To explain how it differs from a technical anchorage device , the term anchorage option is used to describe a load-bearing substructure which is suitable for temporarily attaching personal fall protection equipment (PPE). DGUV Rule 112-198 “The use of personal fall protection equipment” states literally that “an anchorage option is a point to which a personal fall arrest system can be attached to a component of a structural installation on a temporary basis”. The examples quoted include girders and pipes as well as concrete and wooden beams. For roof work, the latter are often equipped with a tape sling to which workers can attach their PPE. To use load-bearing pipes, connectors with specially-designed pipe hooks are available. Thanks to their larger openings, these can often be attached directly to a pipe. As a result, they are often used in scaffolding work.
Substructures are regarded as having a sufficient load-bearing capacity for one individual - and can be used to temporarily attach a fall arrest system - if these can withstand a load of 6 kN distributed through them. This is the maximum value to which a (lanyard) energy absorber component of a personal protective equipment kit can reduce the force ensuing from a fall. For each further individual, an additional 1 kN must be calculated. According to the employers’ liability insurance associations, the following basic rule of thumb applies: An anchorage point must be capable of bearing a weight of 1 t. In addition, care must be taken to ensure that the attached anchorage device (such as a tape sling) does not become unattached from the substructure and that it cannot slip off. For this reason, a pipe or girder is unsuitable if the end is open. According to DGUV Rule 112-198, any eyelets already installed on the substructure may only be used to attach PPE, if these anchorage eyelets have already been tested for securing individuals from falls.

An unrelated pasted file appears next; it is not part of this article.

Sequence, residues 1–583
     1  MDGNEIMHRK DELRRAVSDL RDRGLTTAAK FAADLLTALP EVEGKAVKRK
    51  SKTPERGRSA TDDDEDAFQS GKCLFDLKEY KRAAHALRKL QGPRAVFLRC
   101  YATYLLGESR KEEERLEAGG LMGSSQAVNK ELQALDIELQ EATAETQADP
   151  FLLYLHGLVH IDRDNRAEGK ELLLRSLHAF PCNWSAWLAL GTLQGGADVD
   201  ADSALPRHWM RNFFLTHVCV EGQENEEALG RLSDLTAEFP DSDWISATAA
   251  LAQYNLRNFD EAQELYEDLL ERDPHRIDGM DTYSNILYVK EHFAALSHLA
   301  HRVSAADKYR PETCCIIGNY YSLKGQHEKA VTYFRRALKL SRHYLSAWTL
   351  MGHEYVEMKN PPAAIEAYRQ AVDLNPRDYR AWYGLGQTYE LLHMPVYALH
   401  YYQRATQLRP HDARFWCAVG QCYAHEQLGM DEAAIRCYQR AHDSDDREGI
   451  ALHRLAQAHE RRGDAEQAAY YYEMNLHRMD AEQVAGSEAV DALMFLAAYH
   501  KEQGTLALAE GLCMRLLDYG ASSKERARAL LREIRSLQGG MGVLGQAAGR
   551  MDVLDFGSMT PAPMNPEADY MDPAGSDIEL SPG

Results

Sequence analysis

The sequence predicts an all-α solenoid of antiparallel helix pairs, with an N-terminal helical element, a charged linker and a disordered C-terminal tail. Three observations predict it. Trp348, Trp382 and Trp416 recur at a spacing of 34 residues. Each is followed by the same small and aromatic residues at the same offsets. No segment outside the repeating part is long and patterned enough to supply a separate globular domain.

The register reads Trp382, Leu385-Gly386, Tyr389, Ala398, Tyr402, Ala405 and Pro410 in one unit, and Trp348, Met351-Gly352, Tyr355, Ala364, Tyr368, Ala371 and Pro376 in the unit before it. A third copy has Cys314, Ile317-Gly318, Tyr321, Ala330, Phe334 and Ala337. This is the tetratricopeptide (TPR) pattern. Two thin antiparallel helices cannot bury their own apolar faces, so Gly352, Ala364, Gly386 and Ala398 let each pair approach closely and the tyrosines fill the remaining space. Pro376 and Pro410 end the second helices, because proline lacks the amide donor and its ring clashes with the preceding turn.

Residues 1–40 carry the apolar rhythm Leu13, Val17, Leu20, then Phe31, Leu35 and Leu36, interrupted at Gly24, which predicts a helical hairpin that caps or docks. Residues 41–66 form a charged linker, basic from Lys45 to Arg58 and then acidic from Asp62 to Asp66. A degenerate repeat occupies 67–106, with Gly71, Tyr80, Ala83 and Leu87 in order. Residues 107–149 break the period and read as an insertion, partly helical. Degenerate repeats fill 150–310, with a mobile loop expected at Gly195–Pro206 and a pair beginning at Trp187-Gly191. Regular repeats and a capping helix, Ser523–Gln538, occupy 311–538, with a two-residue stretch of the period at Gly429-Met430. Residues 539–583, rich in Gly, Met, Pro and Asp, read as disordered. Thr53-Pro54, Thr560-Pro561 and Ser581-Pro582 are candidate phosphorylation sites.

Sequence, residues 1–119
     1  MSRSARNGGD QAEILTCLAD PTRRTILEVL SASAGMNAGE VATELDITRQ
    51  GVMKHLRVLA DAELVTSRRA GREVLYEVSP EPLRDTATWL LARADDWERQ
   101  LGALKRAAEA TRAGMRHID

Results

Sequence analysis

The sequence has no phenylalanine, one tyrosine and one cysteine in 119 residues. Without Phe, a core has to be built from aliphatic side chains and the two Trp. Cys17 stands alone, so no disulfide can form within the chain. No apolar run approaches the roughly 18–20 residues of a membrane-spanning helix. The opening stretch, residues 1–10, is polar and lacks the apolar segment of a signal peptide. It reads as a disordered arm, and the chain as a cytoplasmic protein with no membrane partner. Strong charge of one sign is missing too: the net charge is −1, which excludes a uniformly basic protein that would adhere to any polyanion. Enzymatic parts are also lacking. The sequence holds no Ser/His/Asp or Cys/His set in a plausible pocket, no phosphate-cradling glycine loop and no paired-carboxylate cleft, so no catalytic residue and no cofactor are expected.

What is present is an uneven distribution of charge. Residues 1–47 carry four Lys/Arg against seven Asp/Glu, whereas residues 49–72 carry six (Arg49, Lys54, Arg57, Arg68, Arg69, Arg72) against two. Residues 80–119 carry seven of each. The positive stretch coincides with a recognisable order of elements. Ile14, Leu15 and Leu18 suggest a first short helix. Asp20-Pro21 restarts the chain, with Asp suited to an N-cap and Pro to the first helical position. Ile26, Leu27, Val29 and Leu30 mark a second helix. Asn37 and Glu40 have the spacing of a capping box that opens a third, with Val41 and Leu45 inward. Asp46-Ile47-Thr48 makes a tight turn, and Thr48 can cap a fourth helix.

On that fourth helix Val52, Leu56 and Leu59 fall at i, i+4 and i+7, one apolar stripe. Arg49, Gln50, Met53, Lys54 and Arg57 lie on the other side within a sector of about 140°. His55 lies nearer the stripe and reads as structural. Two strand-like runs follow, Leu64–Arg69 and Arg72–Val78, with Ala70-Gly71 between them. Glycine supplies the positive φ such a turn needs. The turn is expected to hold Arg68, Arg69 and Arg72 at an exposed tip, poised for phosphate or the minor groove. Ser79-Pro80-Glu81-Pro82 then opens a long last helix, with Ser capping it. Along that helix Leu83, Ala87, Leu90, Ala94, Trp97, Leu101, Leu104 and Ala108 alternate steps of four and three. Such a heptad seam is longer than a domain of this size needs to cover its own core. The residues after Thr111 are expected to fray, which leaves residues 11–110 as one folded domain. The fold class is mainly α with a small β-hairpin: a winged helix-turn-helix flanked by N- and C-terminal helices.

In order to be able to secure workers from falls using a specific substructure, additional anchorage connector elements - which may not necessarily be part of your existing PPE kit - are frequently required. Many common connectors, for example, do not automatically come with large-size carabiner hooks. Some additional connector elements that may be needed include:
Which connector element is the right choice depends on the design of your structure and type of work to be carried out. In individual cases, it may be necessary to carry out a risk assessment to determine whether the existing structure is suitable for using personal fall protection equipment.